Tilia × europaea
The Common Linden or Lime is a large, broad, cold hardy deciduous tree, able to reach heights of 35m or more. With its deep spreading root system, it is a robust plant well suited to shelterbelts and hedgerows, as it with stands wind well and tolerates regular cutting. A naturally occurring hybrid between Tilia cordata (small-leaved lime) and Tilia platyphyllos (large-leaved lime), it is the result of cross pollination between the two parent species in the wild. While the Linden prefers well-drained moist soil, it can grow in nutritionally poor and/or wet soils. It will also grow in semi-shade (light woodland) or no shade and can tolerate strong winds but not maritime exposure.
Its heart shaped leaves are edible when young, often used raw in salads and sandwiches, they are mild and mucilaginous. The plants can be kept shrubby through coppicing or pollarding to allow for easier leaf harvesting. Young leaves are produced throughout the growing season on coppiced plants making the Common Linden a handy perennial vegetable. This also allows for harvesting of fodder for livestock or controlled foraging. The foliage is much relished by cattle, both green and dried and made into hay, however it can apparently taint the milk of lactating cows. The leaves are high in nitrogen and phosphorus, similar to those of nitrogen-fixing trees like alders and black locust. They can improve soil structure and fertility over time, acting like a green manure, and increase the earthworm population; they also thought to reduce acidification, raising the pH.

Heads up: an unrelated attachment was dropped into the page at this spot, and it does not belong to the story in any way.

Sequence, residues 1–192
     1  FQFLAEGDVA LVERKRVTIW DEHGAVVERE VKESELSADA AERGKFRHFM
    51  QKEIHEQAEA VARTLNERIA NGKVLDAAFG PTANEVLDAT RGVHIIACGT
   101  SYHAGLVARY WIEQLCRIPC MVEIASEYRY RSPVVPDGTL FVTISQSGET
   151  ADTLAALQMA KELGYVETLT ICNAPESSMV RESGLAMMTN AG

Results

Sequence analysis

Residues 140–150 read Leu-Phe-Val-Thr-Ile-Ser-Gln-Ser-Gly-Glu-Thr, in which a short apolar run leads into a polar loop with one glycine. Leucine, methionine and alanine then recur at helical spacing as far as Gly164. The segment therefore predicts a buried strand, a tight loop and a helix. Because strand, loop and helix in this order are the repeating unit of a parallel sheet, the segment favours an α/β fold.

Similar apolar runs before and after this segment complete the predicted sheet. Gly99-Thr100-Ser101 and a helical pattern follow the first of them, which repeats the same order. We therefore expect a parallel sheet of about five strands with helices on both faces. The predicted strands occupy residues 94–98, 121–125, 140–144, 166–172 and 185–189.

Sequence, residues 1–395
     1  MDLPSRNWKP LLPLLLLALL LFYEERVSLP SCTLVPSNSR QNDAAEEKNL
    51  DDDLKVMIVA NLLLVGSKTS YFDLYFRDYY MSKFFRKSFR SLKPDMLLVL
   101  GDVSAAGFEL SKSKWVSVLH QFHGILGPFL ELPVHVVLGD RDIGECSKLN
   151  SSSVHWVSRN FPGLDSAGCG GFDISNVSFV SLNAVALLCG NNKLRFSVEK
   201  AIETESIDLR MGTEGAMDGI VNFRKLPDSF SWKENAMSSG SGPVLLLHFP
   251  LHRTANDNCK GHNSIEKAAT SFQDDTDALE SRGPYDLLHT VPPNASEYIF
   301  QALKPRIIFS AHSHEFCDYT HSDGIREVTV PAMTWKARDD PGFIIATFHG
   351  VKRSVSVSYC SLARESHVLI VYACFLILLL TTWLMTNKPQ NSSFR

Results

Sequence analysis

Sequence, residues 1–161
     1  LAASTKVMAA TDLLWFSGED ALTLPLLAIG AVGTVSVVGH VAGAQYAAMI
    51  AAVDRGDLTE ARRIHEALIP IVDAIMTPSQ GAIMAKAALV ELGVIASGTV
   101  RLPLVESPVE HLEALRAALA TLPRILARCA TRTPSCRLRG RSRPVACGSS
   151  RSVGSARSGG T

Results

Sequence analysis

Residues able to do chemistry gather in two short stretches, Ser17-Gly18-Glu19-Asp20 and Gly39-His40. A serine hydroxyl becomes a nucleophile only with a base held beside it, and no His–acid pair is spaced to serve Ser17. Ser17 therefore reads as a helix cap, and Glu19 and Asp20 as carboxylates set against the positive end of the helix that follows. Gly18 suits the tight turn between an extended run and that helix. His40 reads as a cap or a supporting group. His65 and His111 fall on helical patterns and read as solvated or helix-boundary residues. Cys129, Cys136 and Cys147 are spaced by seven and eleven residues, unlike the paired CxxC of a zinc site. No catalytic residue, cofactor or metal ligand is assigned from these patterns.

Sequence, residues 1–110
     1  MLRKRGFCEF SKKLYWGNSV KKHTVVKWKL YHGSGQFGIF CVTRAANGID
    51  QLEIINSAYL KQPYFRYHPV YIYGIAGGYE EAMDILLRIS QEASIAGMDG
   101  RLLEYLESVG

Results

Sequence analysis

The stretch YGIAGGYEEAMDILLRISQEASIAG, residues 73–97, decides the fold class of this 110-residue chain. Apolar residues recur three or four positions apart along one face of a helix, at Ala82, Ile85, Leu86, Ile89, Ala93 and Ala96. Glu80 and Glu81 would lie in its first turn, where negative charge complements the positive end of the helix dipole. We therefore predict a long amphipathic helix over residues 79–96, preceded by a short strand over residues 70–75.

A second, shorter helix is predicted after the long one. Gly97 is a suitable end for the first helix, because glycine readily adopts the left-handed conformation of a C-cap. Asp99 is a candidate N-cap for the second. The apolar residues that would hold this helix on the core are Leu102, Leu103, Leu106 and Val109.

The highly fragrant yellow-white flowers, occurring in late spring to early summer, are well liked by the bees and have long been used for medicinal purposes. Lime-flower tea has been used for many centuries as an antidote to fever in cold and flu sufferers. It is often used in herbal medicine for hypertension, hardening of the arteries, cardiovascular and digestive complaints associated with anxiety, urinary infections, fevers, catarrh, migraine and headaches. The flowers are also used commercially in cosmetics, mouthwashes and bath lotions. They should be picked and dried as soon as they open as they reputedly develop narcotic properties with age.
The immature fruits can be ground up with some flowers to, apparently, produce an edible paste much like chocolate in flavour. The sap is also considered edible, it is tapped and used in the same way as maples. While the tree is prone to suckering, these suckers are straight and flexible, and can be used for basketry (particularly for making handles).